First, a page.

The feta added the perfect complement to this dish, lending a creamy, salty tang to each bite. I could easily see some kalamata olives and even some garlic added to this sauce the next time. All that was required to complete this yummy dinner was a good bread for dunking into the flavorful spiced sauce and a side of steamed broccoli. Done!
Shakshuka heals and energizes you—a wonderful unpretentious meal to enjoy after a long tiring day. (I love Emiko Davies’ acquacotta recipe. This is a spiced version of it.) The fragrant spices and the smell of pepper and onion sizzling immediately start to rejuvenate your soul and in no time you’ll be sitting down being comforted by a delicious hot dinner that almost cooks itself.
I loved the combination of the aromatic seeds and smoked paprika and the salty feta is fabulous with softly cooked eggs. I served it with thick slices of multigrain country bread for scooping and cleaning up the bowls. To speed up this one-skillet dish even further, you can prep and weigh the beans, eggs, cilantro, and cheese while cooking the onion and pepper or simmering shakshuka.
This recipe is the first time that I successfully convinced my 8- and 9-year-old children to try "runny eggs." The sauce was so tasty that they didn’t mind (and dare I say enjoyed) the eggs! I will make this dish again and again.
This Shakshuka recipe is so hearty and filling as compared to other shakshuka recipes that do not include beans. The beans make it a complete meal good enough to eat for dinner. And who doesn’t love to eat "breakfast for dinner?"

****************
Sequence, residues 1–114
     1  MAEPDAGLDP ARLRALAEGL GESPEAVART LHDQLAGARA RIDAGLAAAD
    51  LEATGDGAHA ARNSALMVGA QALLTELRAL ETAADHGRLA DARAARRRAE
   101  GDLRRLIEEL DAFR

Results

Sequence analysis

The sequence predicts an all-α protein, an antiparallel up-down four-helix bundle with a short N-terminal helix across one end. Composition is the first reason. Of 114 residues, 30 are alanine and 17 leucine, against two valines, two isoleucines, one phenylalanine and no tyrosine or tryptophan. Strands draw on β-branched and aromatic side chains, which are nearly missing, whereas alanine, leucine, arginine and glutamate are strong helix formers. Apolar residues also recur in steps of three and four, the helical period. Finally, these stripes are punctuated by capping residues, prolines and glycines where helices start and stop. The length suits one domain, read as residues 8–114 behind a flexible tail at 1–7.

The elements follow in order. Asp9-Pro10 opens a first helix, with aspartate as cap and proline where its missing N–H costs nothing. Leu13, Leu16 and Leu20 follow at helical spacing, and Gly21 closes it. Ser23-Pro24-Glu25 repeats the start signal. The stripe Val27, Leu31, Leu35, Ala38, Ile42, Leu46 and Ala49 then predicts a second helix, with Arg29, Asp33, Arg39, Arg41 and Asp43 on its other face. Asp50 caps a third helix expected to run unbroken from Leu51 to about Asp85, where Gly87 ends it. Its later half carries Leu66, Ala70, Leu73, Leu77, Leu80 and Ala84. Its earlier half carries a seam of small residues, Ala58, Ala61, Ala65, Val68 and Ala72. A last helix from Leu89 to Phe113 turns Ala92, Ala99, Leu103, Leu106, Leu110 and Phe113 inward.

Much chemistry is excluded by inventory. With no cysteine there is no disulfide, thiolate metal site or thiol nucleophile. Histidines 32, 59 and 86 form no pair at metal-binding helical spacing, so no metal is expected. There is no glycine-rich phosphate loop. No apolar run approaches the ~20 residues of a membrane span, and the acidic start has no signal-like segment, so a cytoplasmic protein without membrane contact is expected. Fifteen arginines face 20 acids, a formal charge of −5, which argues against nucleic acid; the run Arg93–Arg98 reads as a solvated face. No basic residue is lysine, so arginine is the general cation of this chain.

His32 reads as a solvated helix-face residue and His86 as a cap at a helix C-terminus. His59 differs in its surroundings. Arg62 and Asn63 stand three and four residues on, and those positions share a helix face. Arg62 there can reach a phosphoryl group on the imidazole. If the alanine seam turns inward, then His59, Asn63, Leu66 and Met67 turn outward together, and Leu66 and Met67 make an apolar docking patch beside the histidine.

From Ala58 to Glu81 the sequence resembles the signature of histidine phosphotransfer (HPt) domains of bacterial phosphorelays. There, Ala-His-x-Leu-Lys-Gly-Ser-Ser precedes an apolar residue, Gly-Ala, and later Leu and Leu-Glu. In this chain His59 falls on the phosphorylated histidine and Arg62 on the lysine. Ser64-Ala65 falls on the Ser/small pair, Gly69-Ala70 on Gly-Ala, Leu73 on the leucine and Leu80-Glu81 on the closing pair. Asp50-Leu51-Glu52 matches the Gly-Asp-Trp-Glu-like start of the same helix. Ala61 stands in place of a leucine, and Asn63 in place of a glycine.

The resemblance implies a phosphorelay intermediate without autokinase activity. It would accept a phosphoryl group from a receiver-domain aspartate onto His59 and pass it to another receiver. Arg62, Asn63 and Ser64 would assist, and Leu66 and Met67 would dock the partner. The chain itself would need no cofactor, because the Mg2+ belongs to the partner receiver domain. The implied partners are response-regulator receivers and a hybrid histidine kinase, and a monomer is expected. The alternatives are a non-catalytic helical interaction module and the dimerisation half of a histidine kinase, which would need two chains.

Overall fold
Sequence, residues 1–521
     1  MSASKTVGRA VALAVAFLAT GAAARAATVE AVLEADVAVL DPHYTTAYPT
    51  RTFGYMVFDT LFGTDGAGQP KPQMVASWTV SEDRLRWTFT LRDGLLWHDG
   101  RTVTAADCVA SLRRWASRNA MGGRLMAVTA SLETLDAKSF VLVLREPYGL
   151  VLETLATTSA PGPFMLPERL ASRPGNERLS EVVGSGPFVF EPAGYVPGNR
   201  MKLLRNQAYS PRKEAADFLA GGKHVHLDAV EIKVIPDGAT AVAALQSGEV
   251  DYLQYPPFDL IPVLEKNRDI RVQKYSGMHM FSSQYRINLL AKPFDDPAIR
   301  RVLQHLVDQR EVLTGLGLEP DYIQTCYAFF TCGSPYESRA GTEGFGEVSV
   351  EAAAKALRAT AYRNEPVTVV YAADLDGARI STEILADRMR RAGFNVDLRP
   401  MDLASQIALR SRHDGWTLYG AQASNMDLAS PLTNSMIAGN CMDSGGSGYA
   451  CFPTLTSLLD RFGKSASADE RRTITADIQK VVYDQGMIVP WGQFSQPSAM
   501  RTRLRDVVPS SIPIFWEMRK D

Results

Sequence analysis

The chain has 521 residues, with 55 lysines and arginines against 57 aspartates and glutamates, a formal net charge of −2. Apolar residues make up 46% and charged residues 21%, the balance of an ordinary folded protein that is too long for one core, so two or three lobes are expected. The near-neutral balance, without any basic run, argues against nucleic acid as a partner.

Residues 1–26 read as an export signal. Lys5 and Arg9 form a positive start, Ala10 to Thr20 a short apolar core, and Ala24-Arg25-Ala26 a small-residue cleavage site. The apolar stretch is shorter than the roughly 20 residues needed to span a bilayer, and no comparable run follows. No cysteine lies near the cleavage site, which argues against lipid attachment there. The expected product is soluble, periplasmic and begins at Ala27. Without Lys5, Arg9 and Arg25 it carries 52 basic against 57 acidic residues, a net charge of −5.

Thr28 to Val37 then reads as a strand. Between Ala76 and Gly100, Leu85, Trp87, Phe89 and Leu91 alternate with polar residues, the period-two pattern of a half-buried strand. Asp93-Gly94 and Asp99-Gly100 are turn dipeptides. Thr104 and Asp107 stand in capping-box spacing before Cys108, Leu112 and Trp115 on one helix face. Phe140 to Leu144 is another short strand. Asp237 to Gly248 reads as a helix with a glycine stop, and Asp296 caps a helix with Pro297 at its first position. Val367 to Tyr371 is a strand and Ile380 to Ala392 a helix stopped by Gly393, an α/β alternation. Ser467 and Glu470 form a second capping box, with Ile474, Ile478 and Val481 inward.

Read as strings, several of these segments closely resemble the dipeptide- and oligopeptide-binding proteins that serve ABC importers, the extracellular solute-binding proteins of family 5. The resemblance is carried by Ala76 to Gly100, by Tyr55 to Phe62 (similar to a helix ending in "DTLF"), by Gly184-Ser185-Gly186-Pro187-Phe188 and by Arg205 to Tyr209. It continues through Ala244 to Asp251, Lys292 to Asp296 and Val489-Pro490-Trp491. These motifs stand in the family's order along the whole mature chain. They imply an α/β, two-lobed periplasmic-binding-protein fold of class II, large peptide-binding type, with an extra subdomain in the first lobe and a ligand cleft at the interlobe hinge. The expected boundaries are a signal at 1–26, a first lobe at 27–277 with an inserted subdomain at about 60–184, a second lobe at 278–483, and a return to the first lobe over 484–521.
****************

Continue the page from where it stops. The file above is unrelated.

The charred onions and peppers make for a smokey almost "fire-roasted" taste without the use of actual fire or a broiler. The spices develop a deep rich flavor that tastes like it has been simmering for hours when the whole dish from start to finish only takes about 35 minutes!
If you do not own a spice grinder or do not want to purchase whole seeds just to try this recipe, go ahead and use pre-ground spices in the amount indicated in the recipe plus an extra 1/4 teaspoon and add them at the beginning of Step 3.
I used cilantro leaves and they made the whole dish so fresh tasting and pretty to boot!
Consistency wise, I am going to dice both the peppers and the onions next time so that all of the "pieces" in the recipe are about the same size (tomatoes, beans, feta, peppers and onions). I found the slices of peppers and onion to be a bit stringy.
Both my husband and I thought that this dish made a very satisfying supper. It was hearty, warming, flavorful, and quite healthy. I made it with 4 eggs and we each had 2 eggs. The leftover beans, tomatoes, and peppers made delicious lunches a couple days in a row. It’s possible that the 2-day-old lunch tasted better (although maybe I was hungrier).
I used a 10-inch skillet, which accommodated everything quite nicely. If I had used 6 eggs, it would have been a bit overfull.
As we like our eggs a little more set, they cooked for longer as well. At 6 minutes the whites weren't completely set yet, so perhaps I needed to turn the heat up.
We love shakshuka for dinner and I have made many different versions over the years. This one interested me because of the beans. It did not disappoint! The smoky, spicy flavor of the vegetables went beautifully with the tanginess of the feta.
The other nice thing is it was quite quick to make, which is something I love for weeknight cooking. I was able to do all the prep work ahead of time in 15 minutes, and then I picked up with the cooking portion after our evening walk and it took about a half hour. Great quick meal with plenty of satisfying flavor.
This served 2 of us for dinner. No leftovers.
I roasted the spices in a 10-inch cast iron skillet. It takes some willpower to leave the peppers and onions alone but after the initial 3 to 4 minutes there was some charring on the onions. After 10 minutes, the peppers were starting to soften, but they weren't charred by any means, that's why my dish didn't look like the photo, it wasn't as dark.
The timing in the rest of the recipe was correct, it took 6 minutes for the eggs to be set but the yolk was still runny.